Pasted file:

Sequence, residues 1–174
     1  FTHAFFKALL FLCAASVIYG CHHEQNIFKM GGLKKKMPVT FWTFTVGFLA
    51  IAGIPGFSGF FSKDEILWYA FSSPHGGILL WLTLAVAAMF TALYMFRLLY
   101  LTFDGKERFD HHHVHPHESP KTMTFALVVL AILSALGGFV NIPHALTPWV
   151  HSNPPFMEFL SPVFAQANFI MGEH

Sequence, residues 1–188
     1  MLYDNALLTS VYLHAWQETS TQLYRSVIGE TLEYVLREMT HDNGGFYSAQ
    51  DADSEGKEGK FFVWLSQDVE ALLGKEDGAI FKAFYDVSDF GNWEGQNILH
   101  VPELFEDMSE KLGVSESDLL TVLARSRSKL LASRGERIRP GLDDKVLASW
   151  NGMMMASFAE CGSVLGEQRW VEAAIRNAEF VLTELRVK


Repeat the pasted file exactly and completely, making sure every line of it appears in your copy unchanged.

Sequence, residues 1–174
     1  FTHAFFKALL FLCAASVIYG CHHEQNIFKM GGLKKKMPVT FWTFTVGFLA
    51  IAGIPGFSGF FSKDEILWYA FSSPHGGILL WLTLAVAAMF TALYMFRLLY
   101  LTFDGKERFD HHHVHPHESP KTMTFALVVL AILSALGGFV NIPHALTPWV
   151  HSNPPFMEFL SPVFAQANFI MGEH

Sequence, residues 1–188
     1  MLYDNALLTS VYLHAWQETS TQLYRSVIGE TLEYVLREMT HDNGGFYSAQ
    51  DADSEGKEGK FFVWLSQDVE ALLGKEDGAI FKAFYDVSDF GNWEGQNILH
   101  VPELFEDMSE KLGVSESDLL TVLARSRSKL LASRGERIRP GLDDKVLASW
   151  NGMMMASFAE CGSVLGEQRW VEAAIRNAEF VLTELRVK